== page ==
Scott Hanselman is one of the good people in tech, and his YouTube channel is full of great tech topics explained in his clear, instructive fashion. While watching one of his git videos, I noticed his nice Windows terminal prompts that even indicate git status for him when he’s in a repo directory. You can see his terminal setup in his blog post How to make a pretty prompt in Windows Terminal with Powerline, Nerd Fonts, Cascadia Code, WSL, and oh-my-posh.
Obviously the first thing I did upon seeing this was pause the video and go in search of a way to make my Mac terminal do that crazy prompt thing. As I discovered, it’s easy if you use Zsh, which I already do.
Note: All this below assumes you’re already using Zsh as your shell.
You can see for yourself whether you’re using Bash or Zsh with the echo $SHELL command. You’ll …
You may know that Homebridge is an outstanding piece of software that lets you tie many smart home devices that don’t have native HomeKit support into your HomeKit ecosystem, but I submit to you that one of Homebridge’s biggest benefits besides that is its logging.
Most smart home devices are just kind of there and do their thing, but you have no insight into historical activity, aside from HomeKit secure video cameras which keep recordings around for some period of time depending on your available iCloud space. Homebridge changes that.
Homebridge logs the activity of any devices connected to it. If a light goes on, it gets logged. If someone connects to the smart doorbell camera and takes a peek, that gets logged. It’s wonderful. You can set up your Homebridge Config UI X web view to show the more recent entries in your log file, which is handy for quick understanding of recent activity if you’re restarting the service or adding or updating plugins. …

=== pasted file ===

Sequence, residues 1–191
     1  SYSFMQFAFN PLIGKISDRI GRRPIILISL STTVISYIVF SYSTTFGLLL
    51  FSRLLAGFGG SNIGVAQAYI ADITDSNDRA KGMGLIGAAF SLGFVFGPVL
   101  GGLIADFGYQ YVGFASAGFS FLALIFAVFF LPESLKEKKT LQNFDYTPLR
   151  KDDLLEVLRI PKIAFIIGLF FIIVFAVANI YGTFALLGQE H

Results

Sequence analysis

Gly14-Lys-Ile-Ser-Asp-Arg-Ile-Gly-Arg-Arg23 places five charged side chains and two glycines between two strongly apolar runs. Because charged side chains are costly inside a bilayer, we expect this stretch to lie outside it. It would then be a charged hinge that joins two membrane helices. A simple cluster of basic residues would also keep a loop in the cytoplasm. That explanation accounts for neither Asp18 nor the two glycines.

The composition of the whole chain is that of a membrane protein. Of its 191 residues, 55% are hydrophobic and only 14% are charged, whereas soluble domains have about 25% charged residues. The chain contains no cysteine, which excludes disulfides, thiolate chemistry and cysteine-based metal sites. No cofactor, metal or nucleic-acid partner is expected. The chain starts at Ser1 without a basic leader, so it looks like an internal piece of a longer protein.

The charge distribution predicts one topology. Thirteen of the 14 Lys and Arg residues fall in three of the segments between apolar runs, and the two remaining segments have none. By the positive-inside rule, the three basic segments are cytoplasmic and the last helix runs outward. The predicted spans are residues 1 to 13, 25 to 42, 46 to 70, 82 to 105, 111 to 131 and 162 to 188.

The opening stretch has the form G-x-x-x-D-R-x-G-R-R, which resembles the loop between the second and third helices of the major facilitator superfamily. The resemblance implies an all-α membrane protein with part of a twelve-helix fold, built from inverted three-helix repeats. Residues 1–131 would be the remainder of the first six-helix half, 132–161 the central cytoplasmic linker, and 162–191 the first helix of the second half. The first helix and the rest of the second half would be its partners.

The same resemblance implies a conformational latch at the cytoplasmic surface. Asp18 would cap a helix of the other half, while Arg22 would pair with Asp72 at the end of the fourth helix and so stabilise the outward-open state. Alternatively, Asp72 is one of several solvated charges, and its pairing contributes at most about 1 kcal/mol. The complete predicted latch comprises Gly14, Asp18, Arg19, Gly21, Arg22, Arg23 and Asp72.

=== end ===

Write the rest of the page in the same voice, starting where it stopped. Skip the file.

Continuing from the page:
Sometimes Shortcuts makes me scratch my head in bewilderment at how convoluted dealing with different data types can be. If you ever pull in an RSS feed to parse, you’ll know what I mean.
I’m writing a shortcut for Ronnie Lutes to easily publish episodes of The Liner Project. Why he needs a shortcut to do this is another topic, but primarily it’s because we’re hosting his site in a static site generated by Hugo. In order for him to get an episode added, uploaded, and scheduled for publication without having to deal with an annoying checklist of tasks that all have to be done in exactly the right way each time, an automation is perfect.
In order to present as few information-gathering dialogs and text boxes to Ronnie as possible, the shortcut tries to figure out everything it needs to about the episode being published, including things like season and episode number. A lot …
It turns out that Jacob is the author of a very handy Diff action for Drafts that uses this very trick to let people compare a draft in current form to a previously saved version. It’s really cool use of a web preview and it’s something I would have used many times in Drafts had I realized it existed.
When I started the Hugo-based incarnation of this website, I wrote all posts for the site in iA Writer. It’s a very clean and focused Markdown text editor suited well for blogging with Hugo or other platforms that take Markdown and convert it to HTML.
Then I accidentally discovered a secret about Ulysses.
When you export a sheet to Markdown text from Ulysses, you get a text file of plain text with all your Markdown formatting. But when you attach images to that same sheet and export it as Markdown, it gives you a zip file with your Markdown document and all attached images. Furthermore, if you put the images in the text of the document, Ulysses lets you add image metadata which it then puts into the Markdown image tags that it creates.